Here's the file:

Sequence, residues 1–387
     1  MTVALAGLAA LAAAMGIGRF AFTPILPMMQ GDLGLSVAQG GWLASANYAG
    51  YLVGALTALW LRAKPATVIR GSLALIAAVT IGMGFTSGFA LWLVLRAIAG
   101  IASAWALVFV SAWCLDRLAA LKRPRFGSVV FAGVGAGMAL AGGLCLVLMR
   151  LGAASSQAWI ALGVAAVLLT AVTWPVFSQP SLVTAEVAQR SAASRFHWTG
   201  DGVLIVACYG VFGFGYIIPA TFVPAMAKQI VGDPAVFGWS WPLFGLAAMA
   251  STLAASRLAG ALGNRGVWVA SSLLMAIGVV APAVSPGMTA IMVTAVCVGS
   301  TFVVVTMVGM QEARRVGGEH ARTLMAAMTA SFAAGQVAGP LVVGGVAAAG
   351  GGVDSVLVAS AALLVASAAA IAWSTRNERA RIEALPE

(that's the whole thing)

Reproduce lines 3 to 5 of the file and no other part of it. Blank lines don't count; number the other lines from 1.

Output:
    51  YLVGALTALW LRAKPATVIR GSLALIAAVT IGMGFTSGFA LWLVLRAIAG
   101  IASAWALVFV SAWCLDRLAA LKRPRFGSVV FAGVGAGMAL AGGLCLVLMR
   151  LGAASSQAWI ALGVAAVLLT AVTWPVFSQP SLVTAEVAQR SAASRFHWTG